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Fight for 'social enterprise'

Setting up 'social enterprise groups' is being hailed as another way GPs can fight off competition from the private sector.

The influential Kings' Fund think-tank will recommend GPs set up the groups alongside practice-based commissioning consortia in a report out next month.

It will argue that by setting up social enterprises, GPs would be seen as altruistic and would also give the public 'oversight' of their commissioning decisions.

The move would also quash any public perceptions that GPs would cash in from commissioning as they did with fundholding, the King's Fund will state.

A social enterprise is a business with community objectives which reinvests any profits for the benefit of the region it serves. Members of the public often work alongside those who established the organisation and provide the services.

Some former GP co-ops, including On Call Care in Kent, Bedoc in Bedforshire and NDUC in Tyneside, have already reformed as social enterprises.

The model also operates in sectors such as city centre regeneration, recycling, transport, the environment and young people.

Dr Richard Lewis, a senior fellow in health policy for the King's Fund, said social enterprises 'suit GPs very well.'

He said: 'There's a role for practice-based commissioning to go into them and they could pay GPs to provide services. It can be seen as an altruistic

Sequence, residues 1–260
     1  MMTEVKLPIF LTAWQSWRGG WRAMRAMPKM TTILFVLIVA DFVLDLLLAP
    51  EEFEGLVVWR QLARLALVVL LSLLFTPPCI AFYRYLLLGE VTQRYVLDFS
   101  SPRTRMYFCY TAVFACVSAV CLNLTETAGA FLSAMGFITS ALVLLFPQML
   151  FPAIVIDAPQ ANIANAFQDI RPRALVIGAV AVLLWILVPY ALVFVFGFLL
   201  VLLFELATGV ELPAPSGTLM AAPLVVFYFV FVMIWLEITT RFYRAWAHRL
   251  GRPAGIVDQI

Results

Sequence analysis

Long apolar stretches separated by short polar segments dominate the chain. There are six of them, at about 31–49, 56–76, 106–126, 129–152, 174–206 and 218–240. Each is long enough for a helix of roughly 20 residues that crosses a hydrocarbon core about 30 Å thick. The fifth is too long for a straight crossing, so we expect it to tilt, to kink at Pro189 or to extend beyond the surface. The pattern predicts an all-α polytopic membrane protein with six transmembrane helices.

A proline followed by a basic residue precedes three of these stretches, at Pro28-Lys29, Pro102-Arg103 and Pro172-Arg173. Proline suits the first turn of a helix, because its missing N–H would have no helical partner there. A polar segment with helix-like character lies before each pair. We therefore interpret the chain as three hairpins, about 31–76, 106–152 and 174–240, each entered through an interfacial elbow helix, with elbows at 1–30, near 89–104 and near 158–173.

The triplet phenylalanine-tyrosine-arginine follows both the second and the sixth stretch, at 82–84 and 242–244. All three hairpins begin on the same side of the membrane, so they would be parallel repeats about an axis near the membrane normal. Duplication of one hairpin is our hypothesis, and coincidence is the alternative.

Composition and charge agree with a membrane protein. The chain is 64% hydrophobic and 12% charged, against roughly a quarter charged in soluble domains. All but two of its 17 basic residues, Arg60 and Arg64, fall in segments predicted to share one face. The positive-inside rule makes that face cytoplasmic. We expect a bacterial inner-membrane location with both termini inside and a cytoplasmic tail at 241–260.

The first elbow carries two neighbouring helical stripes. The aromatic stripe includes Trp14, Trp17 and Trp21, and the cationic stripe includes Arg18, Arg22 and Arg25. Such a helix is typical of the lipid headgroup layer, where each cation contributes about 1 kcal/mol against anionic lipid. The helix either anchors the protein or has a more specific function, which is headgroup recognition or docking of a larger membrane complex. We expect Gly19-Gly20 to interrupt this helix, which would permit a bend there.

act but it also allows GPs to group together to have more clout and perhaps fight off

competition from new private sector.'

He added the King's Fund would put pressure on ministers to use social enterprises to expand capacity rather than turning straight to private firms.

He said: 'We need more providers but should be careful before we ''default'' to a private sector solution.'

Dr Mark Reynolds, medical director of On-Call Care and a GP in Maidstone, Kent, called on the Government to offer start-up cash so social enterprises can compete for in-hours services.

He said: 'They are the ideal vehicle to assist and support commissioning clusters and carry out the wishes of the cluster's clinical board.'

Dr David Colin-Thome, primary care tsar, said recently he saw a 'huge' role for social enterprise to deliver aspects of the Our Health, Our Care, Our Say White Paper.

He said: 'We will encourage innovative organisations whe-ther general practice, social enterprises or the independent sector to increase the number of services available.'

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